It doesn't make me any more interested. I have surprisingly little desire to have my tattoo vibrate because my phone is doing something. I simply don't care to have something like this ... I'm not that attached to my phone.

        If sure someone could make a blue-tooth enabled butt-plug which would do the exact same thing -- I'm not buying one of those either.

  • I've seen a few people who seem hell bent on getting a full-body massage out of the idea.

    No tatts here, but I admire the art work.

  • "perceivable stimulus"

    As opposed to patenting something that has impreceivable...

    Does stimulus that no one can observe really happen?

    • by Epimer ( 1337967 )

      You could have a stimulus which was applied at below the threshold level to be detectable by a person, but is still having an effect on the system in question. That would qualify as an imperceptible stimulus.

    • If a tree falls in the woods...yada yada yada.
  • You've never been prank called? Or called by a stalker? Or by some (may $deity smite them in a not-too-merciful way) telemarkedroids? Preferably while you tried desperately to sleep? Or while trying to have sex? Or while trying to do ANYTHING remotely requiring your cell NOT to interrupt?

    If you thought that damn thing ringing would be a nuisance, be prepared for a really new level thereof.

    I'm effin' glad if I can hurl that damn thing into some corner of my flat where I don't need to find it until next time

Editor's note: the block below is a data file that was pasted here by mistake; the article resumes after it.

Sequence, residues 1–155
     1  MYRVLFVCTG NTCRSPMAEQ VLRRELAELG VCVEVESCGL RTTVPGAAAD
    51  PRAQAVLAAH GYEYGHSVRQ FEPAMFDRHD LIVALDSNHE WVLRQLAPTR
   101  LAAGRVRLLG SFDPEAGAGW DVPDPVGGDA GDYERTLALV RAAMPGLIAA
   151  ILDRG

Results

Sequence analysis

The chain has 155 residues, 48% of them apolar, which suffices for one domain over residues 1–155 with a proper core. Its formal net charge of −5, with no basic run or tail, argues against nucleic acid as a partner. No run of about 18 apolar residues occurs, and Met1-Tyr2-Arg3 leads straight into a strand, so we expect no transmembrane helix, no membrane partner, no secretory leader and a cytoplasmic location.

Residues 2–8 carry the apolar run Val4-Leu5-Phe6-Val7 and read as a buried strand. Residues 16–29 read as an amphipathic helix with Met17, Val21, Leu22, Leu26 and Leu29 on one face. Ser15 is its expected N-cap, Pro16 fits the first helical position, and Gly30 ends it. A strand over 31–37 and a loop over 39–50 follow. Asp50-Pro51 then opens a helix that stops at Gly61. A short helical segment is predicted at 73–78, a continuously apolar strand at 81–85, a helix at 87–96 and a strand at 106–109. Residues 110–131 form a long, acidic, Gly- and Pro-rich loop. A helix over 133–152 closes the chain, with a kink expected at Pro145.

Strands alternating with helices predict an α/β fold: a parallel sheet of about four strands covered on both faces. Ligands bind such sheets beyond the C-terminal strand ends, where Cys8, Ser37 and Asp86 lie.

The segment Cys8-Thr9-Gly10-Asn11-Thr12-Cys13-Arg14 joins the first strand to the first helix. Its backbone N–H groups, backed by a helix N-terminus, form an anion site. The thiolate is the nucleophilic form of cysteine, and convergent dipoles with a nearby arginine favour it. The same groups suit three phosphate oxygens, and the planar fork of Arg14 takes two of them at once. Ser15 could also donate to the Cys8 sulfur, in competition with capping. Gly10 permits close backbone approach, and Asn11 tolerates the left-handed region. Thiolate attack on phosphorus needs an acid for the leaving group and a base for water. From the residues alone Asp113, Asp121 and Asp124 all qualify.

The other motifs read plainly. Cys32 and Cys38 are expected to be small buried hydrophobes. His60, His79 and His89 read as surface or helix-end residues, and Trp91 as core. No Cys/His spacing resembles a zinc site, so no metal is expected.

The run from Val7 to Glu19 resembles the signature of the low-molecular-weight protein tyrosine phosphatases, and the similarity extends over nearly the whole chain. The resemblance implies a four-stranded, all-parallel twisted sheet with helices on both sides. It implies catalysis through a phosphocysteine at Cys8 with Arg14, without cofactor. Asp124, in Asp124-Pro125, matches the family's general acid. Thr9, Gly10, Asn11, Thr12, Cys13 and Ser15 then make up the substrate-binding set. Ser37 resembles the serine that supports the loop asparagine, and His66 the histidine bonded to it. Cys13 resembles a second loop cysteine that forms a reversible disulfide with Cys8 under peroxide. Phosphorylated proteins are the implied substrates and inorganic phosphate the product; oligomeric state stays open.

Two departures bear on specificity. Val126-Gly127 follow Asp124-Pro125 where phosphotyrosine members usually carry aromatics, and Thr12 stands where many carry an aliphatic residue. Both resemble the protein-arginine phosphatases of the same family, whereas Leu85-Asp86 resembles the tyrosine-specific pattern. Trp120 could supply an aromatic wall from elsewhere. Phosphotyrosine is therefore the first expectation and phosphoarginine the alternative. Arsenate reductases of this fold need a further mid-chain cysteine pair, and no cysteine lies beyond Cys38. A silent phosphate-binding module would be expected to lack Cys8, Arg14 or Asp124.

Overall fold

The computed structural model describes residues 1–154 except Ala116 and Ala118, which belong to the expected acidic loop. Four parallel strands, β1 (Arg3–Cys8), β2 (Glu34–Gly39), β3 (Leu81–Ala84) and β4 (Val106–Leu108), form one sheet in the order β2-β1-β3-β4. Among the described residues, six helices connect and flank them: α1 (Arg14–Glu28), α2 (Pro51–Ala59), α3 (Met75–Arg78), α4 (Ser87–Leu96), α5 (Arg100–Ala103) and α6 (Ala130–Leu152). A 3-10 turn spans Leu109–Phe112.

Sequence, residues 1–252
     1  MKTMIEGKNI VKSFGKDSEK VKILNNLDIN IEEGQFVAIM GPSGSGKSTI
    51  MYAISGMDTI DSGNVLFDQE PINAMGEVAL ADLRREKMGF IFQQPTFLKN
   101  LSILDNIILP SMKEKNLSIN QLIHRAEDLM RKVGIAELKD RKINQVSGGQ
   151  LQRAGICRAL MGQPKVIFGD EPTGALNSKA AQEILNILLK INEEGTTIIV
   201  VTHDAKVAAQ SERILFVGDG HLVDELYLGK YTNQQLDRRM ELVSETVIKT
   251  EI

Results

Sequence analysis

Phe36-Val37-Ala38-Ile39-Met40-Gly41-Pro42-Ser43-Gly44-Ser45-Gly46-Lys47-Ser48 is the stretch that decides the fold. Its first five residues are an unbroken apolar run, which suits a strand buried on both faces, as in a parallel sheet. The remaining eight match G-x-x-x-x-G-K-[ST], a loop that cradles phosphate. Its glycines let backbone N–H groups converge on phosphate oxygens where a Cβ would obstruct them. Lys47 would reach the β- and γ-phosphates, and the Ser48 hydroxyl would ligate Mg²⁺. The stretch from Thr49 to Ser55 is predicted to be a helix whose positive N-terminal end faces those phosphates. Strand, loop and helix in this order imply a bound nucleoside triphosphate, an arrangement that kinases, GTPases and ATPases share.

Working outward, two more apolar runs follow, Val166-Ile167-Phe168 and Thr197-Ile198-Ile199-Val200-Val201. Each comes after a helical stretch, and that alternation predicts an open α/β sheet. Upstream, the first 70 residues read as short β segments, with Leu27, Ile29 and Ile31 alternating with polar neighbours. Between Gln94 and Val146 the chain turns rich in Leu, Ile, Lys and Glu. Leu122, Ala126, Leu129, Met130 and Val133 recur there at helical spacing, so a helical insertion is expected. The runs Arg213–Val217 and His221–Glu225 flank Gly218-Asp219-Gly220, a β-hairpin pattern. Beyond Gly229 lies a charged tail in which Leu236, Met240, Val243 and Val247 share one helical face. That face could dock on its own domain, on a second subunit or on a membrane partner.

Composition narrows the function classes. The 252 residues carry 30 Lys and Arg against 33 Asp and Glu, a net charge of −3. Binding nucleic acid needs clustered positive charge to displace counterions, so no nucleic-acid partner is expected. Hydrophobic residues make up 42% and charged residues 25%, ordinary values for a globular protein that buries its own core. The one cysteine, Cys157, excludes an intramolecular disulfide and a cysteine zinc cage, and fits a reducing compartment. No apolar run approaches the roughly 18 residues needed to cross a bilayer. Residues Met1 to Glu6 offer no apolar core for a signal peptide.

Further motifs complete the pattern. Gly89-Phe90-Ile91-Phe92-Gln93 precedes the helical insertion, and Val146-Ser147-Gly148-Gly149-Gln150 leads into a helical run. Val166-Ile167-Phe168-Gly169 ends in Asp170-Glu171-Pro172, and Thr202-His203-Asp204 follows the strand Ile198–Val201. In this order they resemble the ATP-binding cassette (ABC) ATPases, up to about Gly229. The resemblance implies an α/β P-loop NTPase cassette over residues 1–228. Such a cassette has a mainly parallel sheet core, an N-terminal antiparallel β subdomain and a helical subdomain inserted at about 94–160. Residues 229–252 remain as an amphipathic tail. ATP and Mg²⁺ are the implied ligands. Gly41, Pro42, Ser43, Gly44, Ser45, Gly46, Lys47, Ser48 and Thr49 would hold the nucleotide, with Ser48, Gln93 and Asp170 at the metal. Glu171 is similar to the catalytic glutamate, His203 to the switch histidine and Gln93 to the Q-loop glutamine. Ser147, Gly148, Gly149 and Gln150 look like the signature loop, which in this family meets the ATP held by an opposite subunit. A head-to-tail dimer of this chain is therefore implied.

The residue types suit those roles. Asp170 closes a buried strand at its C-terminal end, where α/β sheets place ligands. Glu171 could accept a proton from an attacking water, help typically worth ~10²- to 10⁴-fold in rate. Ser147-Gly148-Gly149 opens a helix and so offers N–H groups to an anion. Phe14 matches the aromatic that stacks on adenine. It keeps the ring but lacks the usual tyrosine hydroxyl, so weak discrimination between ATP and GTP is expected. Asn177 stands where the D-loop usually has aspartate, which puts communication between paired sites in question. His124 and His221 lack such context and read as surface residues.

• We're a step closer to making one of the lamer superpowers a reality.
  • ... the possibility of 'reading' a ferromagnetic tattoo with a magnetic or r.f. field. The end effect could be similar to having an RFID chip planted in my body, making me trackable wherever I go.

    No thanks. I can leave my cell phone behind when I want to go off the grid.

  • Can I implant one of these tattoos in my arm and a permanent magnet on my waist and then generate current when I swing my arms?

    Interesting possibilities...

  • But both links talk about a "material attachable to the skin" this seems to be a patch not a tattoo. Think nicotine patches all over your arms, sexy. Why do people come up with complicated solutions to things that already exist? They aren't replacing the phone so you still have to have the phone with you. Why not put the damn vibrate setting on rather than a magnetic field generator AND a patch on your arm, have to figure out how to make it so only your phone can make your patch vibrate etc. ? A really comp

  • "Welcome to Nokia tech support, this is Rick speaking. How may I help you?"
    "Thank God I finally reached a person! My tattoo has been buzzing out 'Never Gonna Give You Up' for the past 16 hours and I can't make it stop--please, you've got to help me!"
  • I've already got my phone on vibrate for you baby!
  • They are attempting to patent this as a process, without a material invented to actually work with the patent. Yet another example of blatant patent abuse that the media is trying to hype as a great thing. /sigh

  • I've already got an embedded device that vibrates.

Bell Labs Unix -- Reach out and grep someone.